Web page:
Gabe Vasquez just came out and said it.
His panel discussion was well under way. It was his turn to weigh in earnestly about increasing racial and ethnic diversity of participation in America’s public parks. But in order to really get to that the subject — to really talk about what he was talking about — a little bluntness was required.
“Conservation, environmentalism, the green movement, protection of public lands — the majority of activities associated with those things are known by many in our Latino community, especially among young people, as things white people do,” Vasquez told a breakout session Monday afternoon at the Congressional Hispanic Caucus Institute conference in Washington, D.C.
Vasquez is certainly trying to change this reality through his work at the group Latino Outdoors, but at the moment Latinos “simply don’t have a strong sense of ownership of these lands in our community,” he said. “The average inner-city Latino will see a [Bureau of Land Management] sign, a forestry sign, a National Park Service sign, and they’ll think they’re trespassing.”
Solving this problem, which is undoubtedly unfamiliar to most white Americans, is one of the goals of the National Park Service as the agency celebrates its centennial this year. Estee Rivera, who coordinates the agency’s Every Kid in a Park program, said on the panel that increased racial and ethnic diversity for park staff is a high priority she and her colleagues are “working on.”
There’s a lot to work on, too. “Only about one in five visitors to a national park site is nonwhite, according to a 2011 University of Wyoming report commissioned by the Park Service,” reported the New York Times in 2013, “and only about 1 in 10 is Hispanic — a particularly lackluster embrace by the nation’s fastest-growing demographic group.”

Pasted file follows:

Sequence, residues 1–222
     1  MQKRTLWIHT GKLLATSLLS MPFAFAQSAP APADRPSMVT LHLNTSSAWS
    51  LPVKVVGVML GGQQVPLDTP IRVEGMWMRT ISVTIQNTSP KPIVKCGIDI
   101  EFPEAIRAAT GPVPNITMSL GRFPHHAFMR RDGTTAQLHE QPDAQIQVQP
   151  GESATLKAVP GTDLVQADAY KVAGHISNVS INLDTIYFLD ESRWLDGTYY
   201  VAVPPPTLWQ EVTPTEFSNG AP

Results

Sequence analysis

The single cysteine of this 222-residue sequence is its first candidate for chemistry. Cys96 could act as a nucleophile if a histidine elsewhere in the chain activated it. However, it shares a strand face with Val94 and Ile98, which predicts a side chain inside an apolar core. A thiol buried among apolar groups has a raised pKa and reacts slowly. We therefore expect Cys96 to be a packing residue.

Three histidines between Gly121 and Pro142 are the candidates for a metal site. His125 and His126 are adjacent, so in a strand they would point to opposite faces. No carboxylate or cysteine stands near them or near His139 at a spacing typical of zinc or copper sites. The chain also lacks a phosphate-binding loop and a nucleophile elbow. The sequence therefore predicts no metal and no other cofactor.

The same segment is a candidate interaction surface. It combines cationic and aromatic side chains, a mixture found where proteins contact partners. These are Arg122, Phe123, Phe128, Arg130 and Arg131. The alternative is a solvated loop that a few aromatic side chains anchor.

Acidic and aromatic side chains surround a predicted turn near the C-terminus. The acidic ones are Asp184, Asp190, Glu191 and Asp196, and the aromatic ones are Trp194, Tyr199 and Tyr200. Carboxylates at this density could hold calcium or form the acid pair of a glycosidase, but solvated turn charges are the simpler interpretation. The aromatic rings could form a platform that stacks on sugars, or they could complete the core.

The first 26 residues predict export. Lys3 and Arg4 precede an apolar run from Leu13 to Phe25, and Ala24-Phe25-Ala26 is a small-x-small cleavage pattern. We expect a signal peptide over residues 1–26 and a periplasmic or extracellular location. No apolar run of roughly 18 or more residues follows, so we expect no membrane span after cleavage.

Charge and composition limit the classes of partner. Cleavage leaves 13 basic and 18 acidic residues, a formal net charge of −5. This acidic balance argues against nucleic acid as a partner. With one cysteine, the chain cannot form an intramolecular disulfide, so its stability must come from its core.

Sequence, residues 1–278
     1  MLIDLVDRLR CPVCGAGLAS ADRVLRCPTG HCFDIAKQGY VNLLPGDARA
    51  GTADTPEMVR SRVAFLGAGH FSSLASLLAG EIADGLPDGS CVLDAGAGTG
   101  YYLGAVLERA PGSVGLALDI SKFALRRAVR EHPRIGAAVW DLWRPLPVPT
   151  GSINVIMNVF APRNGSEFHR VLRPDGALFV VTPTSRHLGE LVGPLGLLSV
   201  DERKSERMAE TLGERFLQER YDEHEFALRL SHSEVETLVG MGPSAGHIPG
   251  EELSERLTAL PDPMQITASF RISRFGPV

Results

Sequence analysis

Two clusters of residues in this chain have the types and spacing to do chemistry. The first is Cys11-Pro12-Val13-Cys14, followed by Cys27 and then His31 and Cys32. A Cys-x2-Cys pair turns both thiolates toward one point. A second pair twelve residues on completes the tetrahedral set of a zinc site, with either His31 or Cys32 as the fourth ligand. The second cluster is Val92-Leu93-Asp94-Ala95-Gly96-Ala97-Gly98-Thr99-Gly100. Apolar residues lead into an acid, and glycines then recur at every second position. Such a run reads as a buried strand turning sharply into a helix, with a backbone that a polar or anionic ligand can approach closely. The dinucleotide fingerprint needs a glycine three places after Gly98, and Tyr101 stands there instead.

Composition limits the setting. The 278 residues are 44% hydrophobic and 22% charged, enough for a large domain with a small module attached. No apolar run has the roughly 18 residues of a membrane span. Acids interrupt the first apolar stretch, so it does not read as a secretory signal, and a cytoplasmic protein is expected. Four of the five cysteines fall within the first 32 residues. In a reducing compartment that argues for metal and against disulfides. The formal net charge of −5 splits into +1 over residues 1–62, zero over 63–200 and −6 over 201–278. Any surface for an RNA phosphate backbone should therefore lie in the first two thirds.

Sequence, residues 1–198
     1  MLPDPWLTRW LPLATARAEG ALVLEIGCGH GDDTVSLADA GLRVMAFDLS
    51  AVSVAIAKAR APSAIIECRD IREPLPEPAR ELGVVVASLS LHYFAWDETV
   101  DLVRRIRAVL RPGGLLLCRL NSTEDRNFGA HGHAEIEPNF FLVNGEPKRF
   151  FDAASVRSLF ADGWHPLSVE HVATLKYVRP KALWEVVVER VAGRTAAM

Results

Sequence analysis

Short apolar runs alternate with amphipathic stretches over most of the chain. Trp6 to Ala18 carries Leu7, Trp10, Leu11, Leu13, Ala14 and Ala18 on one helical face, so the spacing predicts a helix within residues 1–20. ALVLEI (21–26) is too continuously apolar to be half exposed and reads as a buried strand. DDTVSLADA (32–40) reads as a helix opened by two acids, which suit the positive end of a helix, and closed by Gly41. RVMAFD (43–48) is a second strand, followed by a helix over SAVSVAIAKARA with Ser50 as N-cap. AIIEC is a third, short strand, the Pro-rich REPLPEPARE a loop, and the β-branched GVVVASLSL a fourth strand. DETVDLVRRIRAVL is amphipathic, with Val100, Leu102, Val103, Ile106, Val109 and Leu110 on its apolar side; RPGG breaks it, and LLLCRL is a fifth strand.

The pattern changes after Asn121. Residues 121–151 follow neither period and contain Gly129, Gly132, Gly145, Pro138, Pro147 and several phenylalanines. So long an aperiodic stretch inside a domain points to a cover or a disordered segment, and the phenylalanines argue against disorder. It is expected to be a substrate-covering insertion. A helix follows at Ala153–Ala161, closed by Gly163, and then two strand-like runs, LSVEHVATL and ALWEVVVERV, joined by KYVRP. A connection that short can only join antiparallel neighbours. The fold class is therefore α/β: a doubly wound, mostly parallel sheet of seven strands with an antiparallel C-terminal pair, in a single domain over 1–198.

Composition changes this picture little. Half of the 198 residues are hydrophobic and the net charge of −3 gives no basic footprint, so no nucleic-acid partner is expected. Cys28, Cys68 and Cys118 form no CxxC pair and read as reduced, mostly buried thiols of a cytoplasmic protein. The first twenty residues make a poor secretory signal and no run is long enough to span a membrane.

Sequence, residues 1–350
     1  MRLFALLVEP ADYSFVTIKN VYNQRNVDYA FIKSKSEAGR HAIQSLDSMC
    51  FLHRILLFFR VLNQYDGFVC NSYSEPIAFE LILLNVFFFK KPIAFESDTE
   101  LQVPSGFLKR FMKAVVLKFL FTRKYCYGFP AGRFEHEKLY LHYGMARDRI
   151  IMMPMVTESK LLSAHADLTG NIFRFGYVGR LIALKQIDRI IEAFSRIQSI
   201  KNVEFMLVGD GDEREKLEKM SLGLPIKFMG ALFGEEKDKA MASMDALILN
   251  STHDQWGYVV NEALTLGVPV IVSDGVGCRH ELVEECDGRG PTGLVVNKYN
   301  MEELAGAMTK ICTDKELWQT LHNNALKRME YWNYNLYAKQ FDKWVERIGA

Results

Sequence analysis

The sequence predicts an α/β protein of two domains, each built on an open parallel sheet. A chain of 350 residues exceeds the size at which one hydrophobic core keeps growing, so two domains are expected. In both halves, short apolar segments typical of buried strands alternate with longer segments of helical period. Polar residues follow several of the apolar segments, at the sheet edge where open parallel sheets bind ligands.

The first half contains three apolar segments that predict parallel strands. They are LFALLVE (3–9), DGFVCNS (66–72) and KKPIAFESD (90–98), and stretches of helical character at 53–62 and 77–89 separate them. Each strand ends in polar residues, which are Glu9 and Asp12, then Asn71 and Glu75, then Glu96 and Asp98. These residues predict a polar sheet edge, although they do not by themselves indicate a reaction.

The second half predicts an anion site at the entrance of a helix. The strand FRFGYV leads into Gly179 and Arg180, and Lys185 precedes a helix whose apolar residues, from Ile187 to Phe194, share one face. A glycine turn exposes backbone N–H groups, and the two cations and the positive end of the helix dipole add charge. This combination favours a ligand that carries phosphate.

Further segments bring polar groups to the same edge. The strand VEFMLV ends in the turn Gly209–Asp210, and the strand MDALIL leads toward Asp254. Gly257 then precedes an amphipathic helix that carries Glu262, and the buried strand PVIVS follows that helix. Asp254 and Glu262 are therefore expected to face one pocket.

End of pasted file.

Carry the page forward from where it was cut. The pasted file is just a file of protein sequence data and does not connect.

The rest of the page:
Another of Monday’s panelists, Hispanic Federation Director of National Advocacy Laura Esquivel, noted that this has troubling implications for the future success of the Park Service, given that America’s minority population is projected to top 50 percent by 2040. Esquivel called on environmental groups to make more conscious efforts engaging Latinos, including breaking down barriers preventing them from feeling connected to parks.
“Why do more white kids grow up to be hikers and national park advocates?” she asked. “Admittedly, not all white kids grow up with parents who pitch tents on the weekend, but many of them do have the ability to send their children to summer sleepover camp, where children fall in love with the outdoors.”
In other words, Esquivel said, this is an economic issue as much as a cultural one. Camping should be inexpensive in theory, but Americans often need time to travel to a campsite — time off from work, specifically. Then there’s the issue of transportation and gear.
Vasquez said many Latinos, including city dwellers without cars, can’t easily get to national parks. They’re also unlikely to have or know about the kind of fancy camping equipment that, say, a white upper-middle class family might purchase.
Despite all this, Monday’s panel pointed out polling show Latinos actually value environmentalism and conservation more than other groups.